The AppleTV does have better hardware, but I think it's a HUUUGE stretch to say the Raspberry Pi 3B+ has a better CPU. The Pi 3B+ uses quad A53 cores, the Shield has quad A57 cores. That gives the Shield superscalar and out-of-order instructions.

    The Shield also has a great GPU, though it is less impressive today than when it launched.

    I'm pretty sure Nintendo wouldn't have used the Tegra X1 if it's CPU was no better than a Pi 3B+.
  • SarahKerrigan - Tuesday, October 29, 2019 - link

    Nobody said 3B+, which is not the current model. The Raspberry Pi 4 uses a quad A72 processor.
  • BenSkywalker - Tuesday, October 29, 2019 - link

    A8X vs Tegra X1?


    Some mighty strong kool aid to try and pretend those are close.

    Let's step up to the A11



    Apple's 'great' GPUs for mobile are a silly rumor because they get compared to Qualcomms garbage. That's the A11 losing to a four year old nVidia mobile GPU.
  • Alistair - Tuesday, October 29, 2019 - link

    why are you ranting about the wrong cpu and gpu? why don't you actually look it up next time? the apple TV uses the GPU focused iPad Pro cpu, the A10X...
  • BenSkywalker - Tuesday, October 29, 2019 - link

    Why don't you look up, literally, anything?


    A8, I showed A8x and A11 benches, both of which showed Shield is clearly superior despite your absurdly dishonest claims that the A8 was comparable.

    Was that a flat out lie or are you that ignorant on the subject?

    So you seem to be trying to change to a discussion about the Apple TV 4k. If that is the case, you need to specify. A Mac and a Mac, which one is faster? The i or Pro matter.
  • name99 - Tuesday, October 29, 2019 - link

    Apple currently sells two Apple TVs.
    The cheaper one is based on the A8, The more expensive (4K) one is based on the A10X.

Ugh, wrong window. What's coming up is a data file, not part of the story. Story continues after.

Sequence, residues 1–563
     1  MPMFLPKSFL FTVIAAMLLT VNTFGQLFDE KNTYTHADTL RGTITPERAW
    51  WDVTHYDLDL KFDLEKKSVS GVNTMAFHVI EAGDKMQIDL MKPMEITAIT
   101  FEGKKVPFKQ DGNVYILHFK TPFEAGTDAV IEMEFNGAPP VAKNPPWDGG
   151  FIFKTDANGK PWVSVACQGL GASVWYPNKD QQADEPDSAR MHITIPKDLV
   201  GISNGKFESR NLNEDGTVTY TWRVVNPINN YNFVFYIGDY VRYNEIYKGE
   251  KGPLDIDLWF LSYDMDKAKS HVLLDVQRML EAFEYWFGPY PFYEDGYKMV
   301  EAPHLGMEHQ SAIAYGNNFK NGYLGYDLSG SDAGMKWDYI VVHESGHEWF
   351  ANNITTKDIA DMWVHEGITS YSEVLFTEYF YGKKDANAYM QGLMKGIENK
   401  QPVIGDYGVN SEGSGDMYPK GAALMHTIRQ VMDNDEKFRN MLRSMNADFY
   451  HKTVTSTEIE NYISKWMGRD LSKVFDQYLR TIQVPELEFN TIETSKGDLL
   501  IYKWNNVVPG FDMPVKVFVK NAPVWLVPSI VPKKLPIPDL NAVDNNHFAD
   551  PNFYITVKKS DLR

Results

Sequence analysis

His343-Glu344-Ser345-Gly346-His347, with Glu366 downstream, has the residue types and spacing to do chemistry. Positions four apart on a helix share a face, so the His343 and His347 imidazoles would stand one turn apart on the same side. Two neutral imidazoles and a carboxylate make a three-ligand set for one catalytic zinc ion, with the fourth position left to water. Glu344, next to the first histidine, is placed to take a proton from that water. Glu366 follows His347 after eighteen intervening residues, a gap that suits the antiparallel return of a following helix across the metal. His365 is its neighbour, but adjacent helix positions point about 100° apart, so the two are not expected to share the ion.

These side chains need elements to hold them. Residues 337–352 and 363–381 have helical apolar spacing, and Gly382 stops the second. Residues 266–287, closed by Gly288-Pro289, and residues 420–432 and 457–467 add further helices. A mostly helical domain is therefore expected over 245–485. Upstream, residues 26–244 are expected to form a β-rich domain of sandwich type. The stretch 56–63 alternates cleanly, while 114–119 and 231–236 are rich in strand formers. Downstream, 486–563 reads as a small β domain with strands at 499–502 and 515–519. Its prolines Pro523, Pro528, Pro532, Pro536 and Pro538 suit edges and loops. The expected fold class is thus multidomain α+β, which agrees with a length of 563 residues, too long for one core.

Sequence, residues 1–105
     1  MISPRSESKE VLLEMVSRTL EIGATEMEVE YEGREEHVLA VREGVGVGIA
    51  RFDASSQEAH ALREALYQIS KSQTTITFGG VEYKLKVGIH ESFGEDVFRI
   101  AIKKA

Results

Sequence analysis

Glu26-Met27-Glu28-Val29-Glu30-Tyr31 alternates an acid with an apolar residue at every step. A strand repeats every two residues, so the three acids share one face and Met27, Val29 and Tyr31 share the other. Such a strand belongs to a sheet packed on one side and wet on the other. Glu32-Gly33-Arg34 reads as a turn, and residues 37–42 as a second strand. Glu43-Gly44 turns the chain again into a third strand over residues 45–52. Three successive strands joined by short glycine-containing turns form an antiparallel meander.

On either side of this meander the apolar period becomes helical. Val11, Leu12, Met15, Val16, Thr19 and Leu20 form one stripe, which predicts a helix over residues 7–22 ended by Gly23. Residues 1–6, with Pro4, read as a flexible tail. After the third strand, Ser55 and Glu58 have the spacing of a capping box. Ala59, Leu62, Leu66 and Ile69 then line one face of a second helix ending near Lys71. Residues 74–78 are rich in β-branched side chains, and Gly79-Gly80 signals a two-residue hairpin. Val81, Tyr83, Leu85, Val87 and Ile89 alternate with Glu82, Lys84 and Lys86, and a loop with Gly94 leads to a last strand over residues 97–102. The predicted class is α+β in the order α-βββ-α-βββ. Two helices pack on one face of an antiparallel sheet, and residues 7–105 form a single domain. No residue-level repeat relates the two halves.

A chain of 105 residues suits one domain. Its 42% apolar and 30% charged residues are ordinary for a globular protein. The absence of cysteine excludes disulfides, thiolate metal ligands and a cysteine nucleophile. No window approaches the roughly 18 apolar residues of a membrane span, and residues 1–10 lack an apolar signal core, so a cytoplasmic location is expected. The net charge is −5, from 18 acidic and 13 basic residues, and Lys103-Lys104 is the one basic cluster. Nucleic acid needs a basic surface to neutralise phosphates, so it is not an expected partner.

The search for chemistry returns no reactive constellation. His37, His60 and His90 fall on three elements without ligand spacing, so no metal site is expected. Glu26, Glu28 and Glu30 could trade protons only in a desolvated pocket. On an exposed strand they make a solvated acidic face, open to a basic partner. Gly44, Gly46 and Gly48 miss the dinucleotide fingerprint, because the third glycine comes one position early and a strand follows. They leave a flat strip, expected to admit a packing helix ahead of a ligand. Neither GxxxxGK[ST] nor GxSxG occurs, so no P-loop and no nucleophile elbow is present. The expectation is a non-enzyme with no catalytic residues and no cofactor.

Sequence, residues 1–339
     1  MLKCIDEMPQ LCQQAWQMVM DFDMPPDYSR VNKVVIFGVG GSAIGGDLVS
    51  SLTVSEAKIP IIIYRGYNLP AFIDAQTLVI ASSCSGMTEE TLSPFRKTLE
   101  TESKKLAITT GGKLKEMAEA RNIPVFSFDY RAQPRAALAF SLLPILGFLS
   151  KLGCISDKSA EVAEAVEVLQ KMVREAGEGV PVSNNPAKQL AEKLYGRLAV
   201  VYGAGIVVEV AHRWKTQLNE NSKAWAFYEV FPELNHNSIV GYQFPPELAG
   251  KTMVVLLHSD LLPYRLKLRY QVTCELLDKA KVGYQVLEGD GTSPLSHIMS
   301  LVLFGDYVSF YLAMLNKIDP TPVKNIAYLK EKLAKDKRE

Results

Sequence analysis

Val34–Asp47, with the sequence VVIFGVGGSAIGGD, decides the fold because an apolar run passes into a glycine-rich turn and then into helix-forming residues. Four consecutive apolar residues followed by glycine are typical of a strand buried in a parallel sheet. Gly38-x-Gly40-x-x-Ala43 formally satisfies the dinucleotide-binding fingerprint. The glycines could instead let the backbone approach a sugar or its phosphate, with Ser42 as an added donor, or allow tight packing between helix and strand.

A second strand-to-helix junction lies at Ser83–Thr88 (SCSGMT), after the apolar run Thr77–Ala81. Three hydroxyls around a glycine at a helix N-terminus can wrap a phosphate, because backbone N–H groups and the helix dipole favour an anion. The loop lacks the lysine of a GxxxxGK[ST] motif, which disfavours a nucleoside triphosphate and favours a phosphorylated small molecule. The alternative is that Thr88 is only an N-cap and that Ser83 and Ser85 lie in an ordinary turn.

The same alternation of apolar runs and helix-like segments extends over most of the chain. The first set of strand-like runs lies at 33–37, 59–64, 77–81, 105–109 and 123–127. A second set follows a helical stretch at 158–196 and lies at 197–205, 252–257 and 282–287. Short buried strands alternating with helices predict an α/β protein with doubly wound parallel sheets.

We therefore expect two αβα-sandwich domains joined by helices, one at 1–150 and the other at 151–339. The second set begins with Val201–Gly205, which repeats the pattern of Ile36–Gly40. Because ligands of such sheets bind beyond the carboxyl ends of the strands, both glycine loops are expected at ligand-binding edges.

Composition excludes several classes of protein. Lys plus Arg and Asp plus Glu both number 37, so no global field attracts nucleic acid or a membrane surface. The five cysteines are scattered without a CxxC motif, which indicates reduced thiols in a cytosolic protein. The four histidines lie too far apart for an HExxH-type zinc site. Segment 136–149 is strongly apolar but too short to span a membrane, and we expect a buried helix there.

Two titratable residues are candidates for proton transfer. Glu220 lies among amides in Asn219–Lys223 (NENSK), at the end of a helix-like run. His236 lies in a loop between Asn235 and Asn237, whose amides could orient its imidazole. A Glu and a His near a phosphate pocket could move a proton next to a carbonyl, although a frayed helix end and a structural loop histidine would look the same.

It is LIKELY, based on previous history (though who knows for sure) that at some point soon (this year?) Apple will release an even newer version based on the A12.

    As for benchmarks, especially GPU benchmarks, I don't know what to tell you.
    I have no idea what the site benchmarks.ul.com does, but their benchmark numbers for the iPhone 11 seem completely unrelated to what AnandTech reported, and I'd trust AnandTech a lot more.
    (AnandTech shows numbers for both cooled and uncooled GPU. Cooled is more relevant to aTV because it has a fan and is physically larger than iPhone.)

    Another imperfect benchmark for GPUs is GeekBench Compute, but at least it's cross platform and has a large database.
    The Summary number there for the iPad Pro (ie A10X) is 32000.
    (For iPhone the appropriate number is about 10000).
    The best Summary number there I could find for Shield is a value from late 2017, of 20000.
    Presumably this new device has a better GPU. Is it 1.6x better? No idea.

    So yeah, it looks like old Shield is 2x better (at least for GPU compute) than old aTV, but 1.6 worse than the newer 4K aTV.
    New Shield numbers? I guess we'll see when it's in users' hands.